As you can see, this is not rocket science. It’s not even a huge change. It’s mostly just this: I decided to make the maroon parts blue, the salmon parts pink and the gray parts white. Though it’s simple, I was able to quickly and cheaply figure out whether I was committed to the custom color idea I had in my head. Putting it in a visual layout made it more real.
Test your paint and primer
Once I was certain of my layout, I tested to make sure my primer and paint would give me the look I was envisioning. For this step, I used plastic spoons leftover from takeout food. This didn’t only show me how it’s going to look but helped me practice the technique I wanted to use to get a consistent finish before I tried painting the real thing.
When I primed and painted my plastic spoons, I made sure to be aware of how distant I was holding the spray can from the spoon. For my first spoon, I sprayed too close and got bubbles. I also tested how many coats of paint I wanted to use to get the opacity I envisioned. Above is the set of spoons that matched my internal vision most closely. It’s two coats of paint over two coats of primer, and I painted them from about a foot away.
Prep for priming
After I decided I liked how the spoons looked and felt like I’d practiced enough to be comfortable, it was time to spray the actual Gunpla parts. I took my kit apart for priming and divided the pieces by which color paint they’d need.
Next, I cleaned the pieces for painting. The natural oil on your fingertips can keep paint from sticking to plastic, so it’s a good idea to wash your Gunpla parts first. I just used a few drops of dish soap in a small tub of water to make sure my parts were oil-free.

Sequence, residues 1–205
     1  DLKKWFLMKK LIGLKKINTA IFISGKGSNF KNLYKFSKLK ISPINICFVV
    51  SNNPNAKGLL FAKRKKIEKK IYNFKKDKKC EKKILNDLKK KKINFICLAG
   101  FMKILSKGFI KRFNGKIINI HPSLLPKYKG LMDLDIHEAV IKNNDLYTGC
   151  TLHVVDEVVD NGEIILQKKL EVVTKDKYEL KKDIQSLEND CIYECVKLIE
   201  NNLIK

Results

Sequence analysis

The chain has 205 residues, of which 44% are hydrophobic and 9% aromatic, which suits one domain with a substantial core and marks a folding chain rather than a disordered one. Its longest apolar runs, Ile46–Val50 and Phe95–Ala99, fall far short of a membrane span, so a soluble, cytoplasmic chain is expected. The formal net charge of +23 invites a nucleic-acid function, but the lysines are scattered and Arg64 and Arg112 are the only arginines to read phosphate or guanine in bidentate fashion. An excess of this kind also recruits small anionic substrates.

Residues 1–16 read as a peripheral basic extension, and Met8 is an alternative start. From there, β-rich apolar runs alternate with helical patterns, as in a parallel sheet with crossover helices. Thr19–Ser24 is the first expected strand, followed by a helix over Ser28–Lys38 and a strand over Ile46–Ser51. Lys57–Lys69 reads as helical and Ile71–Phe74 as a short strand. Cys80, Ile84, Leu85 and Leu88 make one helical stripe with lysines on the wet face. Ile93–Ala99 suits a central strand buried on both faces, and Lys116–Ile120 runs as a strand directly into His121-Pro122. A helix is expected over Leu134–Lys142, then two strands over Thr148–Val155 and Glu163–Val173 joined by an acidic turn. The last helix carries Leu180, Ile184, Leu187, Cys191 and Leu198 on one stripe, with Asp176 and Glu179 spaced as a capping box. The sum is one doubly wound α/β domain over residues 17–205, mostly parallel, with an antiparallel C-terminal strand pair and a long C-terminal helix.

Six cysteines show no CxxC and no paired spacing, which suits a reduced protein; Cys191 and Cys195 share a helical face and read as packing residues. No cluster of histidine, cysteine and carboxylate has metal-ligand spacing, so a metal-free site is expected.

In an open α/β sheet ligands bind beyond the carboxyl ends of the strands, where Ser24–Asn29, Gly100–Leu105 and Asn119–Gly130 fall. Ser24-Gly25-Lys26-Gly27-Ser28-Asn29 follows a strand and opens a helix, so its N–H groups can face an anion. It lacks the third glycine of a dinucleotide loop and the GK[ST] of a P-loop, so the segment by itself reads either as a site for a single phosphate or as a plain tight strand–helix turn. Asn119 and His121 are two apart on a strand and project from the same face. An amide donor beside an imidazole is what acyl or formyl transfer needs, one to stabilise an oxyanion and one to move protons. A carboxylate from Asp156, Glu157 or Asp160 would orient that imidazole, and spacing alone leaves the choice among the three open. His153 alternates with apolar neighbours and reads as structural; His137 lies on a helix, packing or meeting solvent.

Dried primer and paint can add heft that slightly changes the shape and size of a piece, which means that paint on connector joints can make it difficult to fit pieces back together. In order to avoid that, I taped over the connector parts using thin Tamiya tape. For connectors that carry a heavy load (like the leg and torso connectors), I removed the piece entirely and opted not to paint it—to get paint on a part that is integral to the kit’s movement would risk compromising poseability later, so some of this kit’s internal parts are still their original dark gray.
Finally, I put the cleaned and taped parts on painting sticks. If you’re wondering how I made these sticks (out of alligator clips and bamboo skewers), I wrote about it in my metallic paint marker for Gunpla tutorial.
Prime and paint
Once your pieces are secured on skewers, it’s time to paint. Since spray cans are messy and emit strong fumes, you’ll need somewhere safe to use them. If you’re working indoors, you’ll want a spray booth to contain both the fumes and the mess. However, it’s a lot cheaper if you can work outdoors, so that’s what I’ve been doing for years. You don’t need to have a yard to do this—I don’t. You can use a parking lot or another common area.
However, you will need to have some kind of surface to paint over, so you don’t mess up the lawn or pavement. I used a shallow cardboard box lined with newsprint. Between each painting session, I could turn the page and use a fresh piece of newspaper each time the paper got too saturated with paint. At the end, I threw out the newsprint and the cardboard box underneath was still usable and fume-free, ready for the next painting project.